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Biden, Democrats shred spending, tax plans to get a deal done

U.S. President Joe Biden delivers remarks on infrastructure legislation at the Electric City Trolley Museum in Scranton, Pennsylvania, U.S. October 20, 2021.
REUTERS/Jonathan Ernst

For months, U.S. President Joe Biden and Democrats touted a $3.5 trillion Build Back Better plan as a transformational piece of legislation that would reshape the world’s largest economy for decades to come.

They have spent recent days painfully deciding how to pare down parts of the plan, and which parts to scrap entirely as they seek to satisfy demands from within their own ranks to cut the size of the package.

Congressional and White House sources say that among the ideas now on the chopping block are: a $109 billion plan to provide free community college to all Americans and a $150 billion program to push utilities to switch to renewable energy. The highly touted child tax credit extension was slashed to one year, and paid family leave could be gutted as well, they say.

A $109 billion plan to provide free community college to all Americans is gone. A $150 billion program to push utilities to switch to renewable energy on the chopping block. The highly touted child tax credit extension was slashed to one year, and paid family leave could be gutted as well.

Most significantly, a fundamental mechanism for paying it all, raising the corporate tax rate, is on ice, because Senator Kyrsten Sinema, a key swing-vote Democrat, is unlikely to support it.

Democrats say that the emerging compromise on Biden’s agenda will get still create meaningful economic and climate-related changes, but the process seemed to be taking its toll this week. “I just want us to come up with a bill that can pass. That is where I am,” Senator Mazie Hirono told reporters Wednesday with a sigh.

COMMUNITY COLLEGE VS. CHILD TAX CREDITS

The fate of Biden’s pledge to provide free community college tuition for all Americans, arguing enrollment helps student gain skills and land well-paying job that boost incomes and U.S. competitiveness, shows the painful, sometimes personal tradeoffs involved.

Biden’s wife, Jill Biden, is a community college professor who has been advocating for free community college since at least 2016. The president first made the pledge as a candidate in October 2019.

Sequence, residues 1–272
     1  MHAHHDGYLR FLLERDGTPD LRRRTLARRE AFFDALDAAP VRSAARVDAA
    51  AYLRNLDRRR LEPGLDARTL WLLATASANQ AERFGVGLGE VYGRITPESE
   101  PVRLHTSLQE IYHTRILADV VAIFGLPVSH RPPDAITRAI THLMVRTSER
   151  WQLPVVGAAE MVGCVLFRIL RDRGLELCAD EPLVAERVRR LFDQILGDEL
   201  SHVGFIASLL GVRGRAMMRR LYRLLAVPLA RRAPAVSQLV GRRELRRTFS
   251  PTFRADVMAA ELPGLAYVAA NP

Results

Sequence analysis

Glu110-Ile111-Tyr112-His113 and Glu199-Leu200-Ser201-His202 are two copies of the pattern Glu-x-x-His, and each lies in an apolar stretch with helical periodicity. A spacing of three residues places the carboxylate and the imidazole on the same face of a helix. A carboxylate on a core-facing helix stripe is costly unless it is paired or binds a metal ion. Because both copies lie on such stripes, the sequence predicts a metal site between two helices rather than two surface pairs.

Like most elements of the plan, free community college was popular with voters. But it did not have the type of fever-pitched support that other elements enjoy in Congress.

“We had to make a decision between free community college and the child tax credit, and the child tax credit was just a higher priority,” a legislative aide told Reuters on Tuesday.

Paid family leave, a cornerstone of Biden’s economic agenda, and a topic some members of his women-heavy economic team have spent years advocating for, also faces severe cutes.

Biden’s initial plan called for providing up to 12 weeks of paid leave for new parents and caretakers for seriously ill family members, and compensating workers for at least two-thirds of their earnings.

Now the benefit could shrink to just a few weeks, alarming supporters who view this as the best chance to secure a crucial safety net for workers, particularly women.

Democrats are scrambling to come to an agreement on a climate plan after U.S. Senator Joe Manchin, a moderate Democrat from West Virginia, opposed a centerpiece of the plan that would reward utilities that invest in renewable fuels and penalize those that do not.

Instead, Democrats are now considering a flurry of options, including boosting production tax credits for nuclear power and enhancing credits for carbon sequestration projects, according to three congressional sources involved in the discussions.

The $150 billion plan to decarbonize the nation’s utility sector was widely considered the most effective way for Biden to reach his target of reducing carbon emissions by 50 percent come 2030. It would have helped Biden make the case for U.S. as a global leader on climate change during the upcoming United Nation’s climate summit in Glasgow, Scotland that starts Oct. 31, and eliminating it will sorely disappoint some supporters.

“Fundamentally, we need to invest in the decarbonization of the electric sector if we want to be taken seriously at Glasgow,” said Jamal Raad, head of the Evergreen Action environmental group who has worked with Democratic lawmakers.

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